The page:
While the United States does not have a national flammability standard, California implemented one in 1975 (TB 177). After the toxicity of flame retardants became more apparent, organizations began to advocate for changes in this legislation. Investigative journalists found that the chemical industry spent 23 million dollars lobbying in opposition of a new standard. In Canada, industry representation also plays a considerable role in standards development, and other relevant stakeholders are often not included in the decision making process.

9.     Regulation of flame retardants is an ongoing and challenging process.

 When a particular chemical is banned, alternative chemicals are proposed by the chemical industry. These are often very comparable to the original chemical and pose similar risks. This cycle empowers the chemical industry and delays the removal of flame retardants from consumer goods. This problem could potentially be lessened by the use of the precautionary principle during the chemical approval process.

 10.     Products that include toxic flame retardants are still on the shelves.

Due to these complicated regulatory processes, and a lack of implementation of the precautionary principle, many of these products are still available for consumers to purchase.

Recommendations from Toxic by Design: EDAction recommends that the Canadian government prohibit the sale of products that contain a flame retardant chemical that has been proven to be harmful, or has no safety assessment. They also recommend that the government implement the precautionary principle when considering alternative chemicals, and update their current decision-making processes to reflect the necessary changes.

Key Terms and Definitions from EDAction

(please see the white paper for additional information):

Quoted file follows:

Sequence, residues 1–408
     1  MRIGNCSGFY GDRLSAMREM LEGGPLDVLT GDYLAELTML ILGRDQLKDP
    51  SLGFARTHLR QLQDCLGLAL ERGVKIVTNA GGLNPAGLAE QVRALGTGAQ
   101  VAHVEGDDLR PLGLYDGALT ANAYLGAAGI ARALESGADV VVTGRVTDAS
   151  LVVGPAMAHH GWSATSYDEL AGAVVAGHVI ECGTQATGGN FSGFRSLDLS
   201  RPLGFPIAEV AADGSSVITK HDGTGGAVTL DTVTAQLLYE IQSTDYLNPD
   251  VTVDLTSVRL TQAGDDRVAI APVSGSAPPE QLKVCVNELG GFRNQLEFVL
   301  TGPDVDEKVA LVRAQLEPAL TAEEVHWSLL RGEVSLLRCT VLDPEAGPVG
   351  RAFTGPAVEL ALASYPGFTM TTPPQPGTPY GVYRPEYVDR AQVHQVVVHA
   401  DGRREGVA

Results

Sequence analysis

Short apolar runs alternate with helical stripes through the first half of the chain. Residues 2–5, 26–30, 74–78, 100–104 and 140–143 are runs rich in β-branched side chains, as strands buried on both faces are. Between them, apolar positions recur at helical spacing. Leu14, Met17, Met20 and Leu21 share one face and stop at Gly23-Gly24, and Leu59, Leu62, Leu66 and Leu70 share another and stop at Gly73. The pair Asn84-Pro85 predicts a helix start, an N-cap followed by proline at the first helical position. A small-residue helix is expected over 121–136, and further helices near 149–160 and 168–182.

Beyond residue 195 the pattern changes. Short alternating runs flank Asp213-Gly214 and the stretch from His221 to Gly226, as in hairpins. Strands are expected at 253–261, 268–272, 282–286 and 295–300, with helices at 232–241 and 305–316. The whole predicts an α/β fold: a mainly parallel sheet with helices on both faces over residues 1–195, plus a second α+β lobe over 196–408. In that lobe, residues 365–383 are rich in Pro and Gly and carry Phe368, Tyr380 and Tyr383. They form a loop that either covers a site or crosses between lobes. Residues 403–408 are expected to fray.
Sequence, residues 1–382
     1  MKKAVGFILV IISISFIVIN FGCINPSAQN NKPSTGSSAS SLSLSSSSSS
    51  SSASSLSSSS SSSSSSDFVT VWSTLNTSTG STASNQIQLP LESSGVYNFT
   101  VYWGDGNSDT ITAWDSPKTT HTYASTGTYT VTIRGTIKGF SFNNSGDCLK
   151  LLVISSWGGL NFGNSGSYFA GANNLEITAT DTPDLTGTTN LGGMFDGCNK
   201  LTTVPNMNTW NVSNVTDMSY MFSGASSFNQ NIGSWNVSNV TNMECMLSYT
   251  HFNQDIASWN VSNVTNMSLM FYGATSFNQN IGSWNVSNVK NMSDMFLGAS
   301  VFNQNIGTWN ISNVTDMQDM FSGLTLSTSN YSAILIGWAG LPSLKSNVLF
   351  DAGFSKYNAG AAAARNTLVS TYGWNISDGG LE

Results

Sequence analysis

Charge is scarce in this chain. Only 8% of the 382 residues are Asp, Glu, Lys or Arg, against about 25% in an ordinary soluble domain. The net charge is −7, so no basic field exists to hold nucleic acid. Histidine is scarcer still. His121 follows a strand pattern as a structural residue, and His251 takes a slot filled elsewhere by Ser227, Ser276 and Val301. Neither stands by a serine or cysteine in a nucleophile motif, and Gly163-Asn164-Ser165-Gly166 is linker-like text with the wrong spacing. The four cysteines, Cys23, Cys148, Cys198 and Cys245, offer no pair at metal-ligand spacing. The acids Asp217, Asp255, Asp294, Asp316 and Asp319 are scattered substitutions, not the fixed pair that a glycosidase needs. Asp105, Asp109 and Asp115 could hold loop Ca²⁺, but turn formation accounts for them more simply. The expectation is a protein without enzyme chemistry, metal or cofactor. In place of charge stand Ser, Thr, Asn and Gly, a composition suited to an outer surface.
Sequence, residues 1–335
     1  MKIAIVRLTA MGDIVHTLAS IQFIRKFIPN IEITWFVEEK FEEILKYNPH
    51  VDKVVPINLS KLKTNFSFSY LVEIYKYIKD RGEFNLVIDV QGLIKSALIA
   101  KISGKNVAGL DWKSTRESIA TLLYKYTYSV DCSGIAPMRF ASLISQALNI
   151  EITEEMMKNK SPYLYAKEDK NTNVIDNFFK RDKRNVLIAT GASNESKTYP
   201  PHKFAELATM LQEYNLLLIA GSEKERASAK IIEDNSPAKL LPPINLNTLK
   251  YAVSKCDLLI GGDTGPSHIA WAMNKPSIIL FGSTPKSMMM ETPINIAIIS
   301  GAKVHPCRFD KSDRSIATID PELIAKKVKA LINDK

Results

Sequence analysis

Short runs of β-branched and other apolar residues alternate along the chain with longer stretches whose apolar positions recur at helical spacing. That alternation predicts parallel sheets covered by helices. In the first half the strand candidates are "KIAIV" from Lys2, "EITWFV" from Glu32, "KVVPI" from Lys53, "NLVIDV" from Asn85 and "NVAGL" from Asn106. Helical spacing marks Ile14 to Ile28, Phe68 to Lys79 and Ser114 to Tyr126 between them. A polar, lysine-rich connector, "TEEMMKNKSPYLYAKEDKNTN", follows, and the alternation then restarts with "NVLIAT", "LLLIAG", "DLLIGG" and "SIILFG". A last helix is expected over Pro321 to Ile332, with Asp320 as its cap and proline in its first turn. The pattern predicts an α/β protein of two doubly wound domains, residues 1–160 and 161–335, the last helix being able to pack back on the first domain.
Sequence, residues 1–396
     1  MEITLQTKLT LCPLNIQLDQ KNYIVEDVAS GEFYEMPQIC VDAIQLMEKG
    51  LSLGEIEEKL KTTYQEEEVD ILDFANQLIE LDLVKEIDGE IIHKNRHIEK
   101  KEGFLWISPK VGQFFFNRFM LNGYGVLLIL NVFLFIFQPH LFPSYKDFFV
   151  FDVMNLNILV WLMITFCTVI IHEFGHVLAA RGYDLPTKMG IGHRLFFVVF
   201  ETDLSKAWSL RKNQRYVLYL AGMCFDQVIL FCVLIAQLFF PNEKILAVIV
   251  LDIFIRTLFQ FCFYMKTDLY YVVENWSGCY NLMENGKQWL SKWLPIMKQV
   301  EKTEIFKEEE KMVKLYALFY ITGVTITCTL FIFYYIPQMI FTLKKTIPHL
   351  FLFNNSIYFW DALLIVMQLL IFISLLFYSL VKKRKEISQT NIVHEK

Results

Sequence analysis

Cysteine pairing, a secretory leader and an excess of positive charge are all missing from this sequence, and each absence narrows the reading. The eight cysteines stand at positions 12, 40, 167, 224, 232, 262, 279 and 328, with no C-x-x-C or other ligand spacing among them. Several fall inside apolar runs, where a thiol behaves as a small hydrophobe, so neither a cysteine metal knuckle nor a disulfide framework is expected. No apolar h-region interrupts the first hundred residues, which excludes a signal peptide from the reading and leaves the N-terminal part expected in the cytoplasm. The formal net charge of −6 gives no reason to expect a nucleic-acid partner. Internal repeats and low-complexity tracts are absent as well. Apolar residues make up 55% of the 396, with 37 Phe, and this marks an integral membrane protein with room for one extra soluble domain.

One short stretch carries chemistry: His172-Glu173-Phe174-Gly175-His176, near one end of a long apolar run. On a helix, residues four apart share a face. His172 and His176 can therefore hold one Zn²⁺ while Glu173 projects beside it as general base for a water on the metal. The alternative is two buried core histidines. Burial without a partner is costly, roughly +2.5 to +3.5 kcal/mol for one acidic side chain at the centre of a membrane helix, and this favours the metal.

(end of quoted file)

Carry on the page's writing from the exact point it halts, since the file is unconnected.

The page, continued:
1.     Flame Retardants: “Industrially produced chemicals that are infused in a variety of consumer products — from furniture and electronics, to camping gear, and construction materials — for the purposes of reducing flammability.”4

2.     Endocrine Disrupting Chemicals: “Synthetic compounds that alter the hormone system and can cause adverse health effects.” 5

3.     Environmental Justice: “The recognition that disproportionate burdens of environmental hazards are borne by Indigenous communities, communities of color, and low-income communities, as well as by women and children.”6

4.     Reproductive Justice: “Reproductive justice is concerned with the right to have children or not, to make decisions about one’s life and body, to parent children in safe and healthy environments, and to thrive as a community.”7


Learn More: Additional Resources

1.     EPA Fact Sheet: Assessing Risks from Flame Retardants

2.     National Institute of Environmental Health Sciences: Endocrine Disruptors

3.     Center for Environmental Health, Flame Retardants Campaign

The UCLA Center for the Study of Women’s Chemical Entanglements initiative is founded upon a vision to bring together people who are working to expose and reduce the negative effects of toxicants on human health and the environment.


1. “Learn about Polychlorinated Biphenyls (PCBs).”

2. Gross, “Flame Retardants in Consumer Products Are Linked to Health and Cognitive Problems.”

3. Endocrine Disruptors Action Group, 4.

4. Ibid., 19.

5. Ibid., 5.

6. Ibid.

7. Ibid., 4.



DiGangi, Joseph, Arlene Blum, Åke Bergman, Cynthia A de Wit, Donald Lucas, David Mortimer, Arnold Schecter, Martin Scheringer, Susan D Shaw, and Thomas F Webster. “San Antonio Statement on Brominated and Chlorinated Flame Retardants.” Environmental Health Perspectives 118, no. 12 (December 2010): A516–18. doi:10.1289/ehp.1003089.

Endocrine Disruptors Action Group. “Toxic by Design: Eliminating Harmful Flame Retardant Chemicals from Our Bodies, Homes, & Communities,” October 2016.

Gross, Liza. “Flame Retardants in Consumer Products Are Linked to Health and Cognitive Problems,” April 15, 2013.

“Learn about Polychlorinated Biphenyls (PCBs).” Environmental Protection Agency, n.d.